1. Following her Honour’s decision (and barring any appeal), it will have three including TM No. 1463962 “moroccanoil” in respect of Hair care products, including oil, mask, moisture cream, curly hair moisture cream, curly hair mask, curly and damaged hair mask, argan and saffron shampoo, hair loss shampoo, dandruff shampoo, dry hair shampoo, gel, mousse, conditioner and hair spray in class 3. ?
  2. In addition to hair “lotions” such as shampoo, Aldi also marketed hair brushes and powered hair dryers and the like. ?
  3. Those of you who read 140 year old case law might also be thinking about the striking colour scheme. Katzmann J, citing the 5th edition of Shanahan and the Office Manual, held that MIL’s trade marks were not limited to the specific colours as there was no endorsement under s 70 and so the marks were taken to be registered for all colours. One could be forgiven for thinking this approach renders the Register seriously misleading at times. ?
  4. The Aldi employee charged with introducing the range. ?
  5. The Aldi shampoo and conditioner products were “benchmarked” on Organix’ get up, not MIL’s. ?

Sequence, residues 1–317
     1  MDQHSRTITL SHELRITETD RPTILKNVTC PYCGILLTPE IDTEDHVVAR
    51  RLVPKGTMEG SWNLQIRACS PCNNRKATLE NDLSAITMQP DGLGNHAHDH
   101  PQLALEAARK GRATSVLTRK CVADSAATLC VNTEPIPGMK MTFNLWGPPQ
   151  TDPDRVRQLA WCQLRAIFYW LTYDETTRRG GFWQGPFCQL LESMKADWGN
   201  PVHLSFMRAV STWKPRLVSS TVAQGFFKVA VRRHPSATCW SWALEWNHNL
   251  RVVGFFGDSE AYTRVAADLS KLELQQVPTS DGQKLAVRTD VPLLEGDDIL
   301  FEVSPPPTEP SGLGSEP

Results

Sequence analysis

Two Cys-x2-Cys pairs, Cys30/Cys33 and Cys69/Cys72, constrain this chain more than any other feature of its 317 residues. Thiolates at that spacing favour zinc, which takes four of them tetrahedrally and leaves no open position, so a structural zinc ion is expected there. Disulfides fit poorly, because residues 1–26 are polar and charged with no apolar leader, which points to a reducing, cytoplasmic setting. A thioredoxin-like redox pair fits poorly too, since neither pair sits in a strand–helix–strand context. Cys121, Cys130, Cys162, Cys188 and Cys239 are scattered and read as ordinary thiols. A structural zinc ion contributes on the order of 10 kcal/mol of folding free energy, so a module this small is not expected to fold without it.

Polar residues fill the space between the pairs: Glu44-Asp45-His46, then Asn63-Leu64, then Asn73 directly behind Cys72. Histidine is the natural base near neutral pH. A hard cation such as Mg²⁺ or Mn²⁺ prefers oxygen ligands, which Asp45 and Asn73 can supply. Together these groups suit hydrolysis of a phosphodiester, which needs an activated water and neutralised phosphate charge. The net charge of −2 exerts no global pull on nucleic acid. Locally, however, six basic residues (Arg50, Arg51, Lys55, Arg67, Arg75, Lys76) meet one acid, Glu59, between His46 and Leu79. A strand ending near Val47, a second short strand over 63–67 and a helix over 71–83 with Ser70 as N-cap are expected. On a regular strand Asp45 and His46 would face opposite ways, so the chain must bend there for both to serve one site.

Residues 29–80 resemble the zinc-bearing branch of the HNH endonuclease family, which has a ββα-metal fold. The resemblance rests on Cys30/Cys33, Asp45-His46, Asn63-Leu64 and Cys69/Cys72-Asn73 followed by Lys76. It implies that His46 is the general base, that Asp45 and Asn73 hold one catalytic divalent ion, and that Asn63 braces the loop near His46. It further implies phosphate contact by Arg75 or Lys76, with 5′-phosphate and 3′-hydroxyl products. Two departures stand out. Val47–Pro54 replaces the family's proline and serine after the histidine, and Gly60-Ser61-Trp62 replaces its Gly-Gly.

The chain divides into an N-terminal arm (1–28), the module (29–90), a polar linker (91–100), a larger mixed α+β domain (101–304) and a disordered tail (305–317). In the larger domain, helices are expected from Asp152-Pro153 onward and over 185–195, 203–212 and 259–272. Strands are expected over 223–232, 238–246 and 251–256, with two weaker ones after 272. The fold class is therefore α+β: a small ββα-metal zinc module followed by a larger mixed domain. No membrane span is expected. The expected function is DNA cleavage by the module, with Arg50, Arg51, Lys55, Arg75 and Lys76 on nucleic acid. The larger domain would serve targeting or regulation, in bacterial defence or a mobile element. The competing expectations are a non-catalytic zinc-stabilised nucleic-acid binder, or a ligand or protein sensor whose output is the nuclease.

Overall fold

Shape not misleading

Last week, we looked at Mortimer J’s reasons for dismissing Shape Shopfitters’ allegations of trade mark infringement against Shape Australia. Presumably, given the colour and stylistic constraints of the registered trade mark, Shape Shopfitters’ main attack was based on the prohibition against misleading or deceptive conduct under the Australian Consumer Law. It too was unsuccessful.

Shape Shopfitters’ contention was that, by changing its name from ISIS to Shape Australia, Shape Australia was misrepresenting to the public that the two businesses were affiliated in some way with Shape Shopfitters being the specialist shopfitting arm of the Shape Australia. The descriptive nature of the common term, Shape Shopfitters’ fairly confined reputation and the fact that most of its dealings were with well-established contacts combined to mean that there was no such misrepresentation.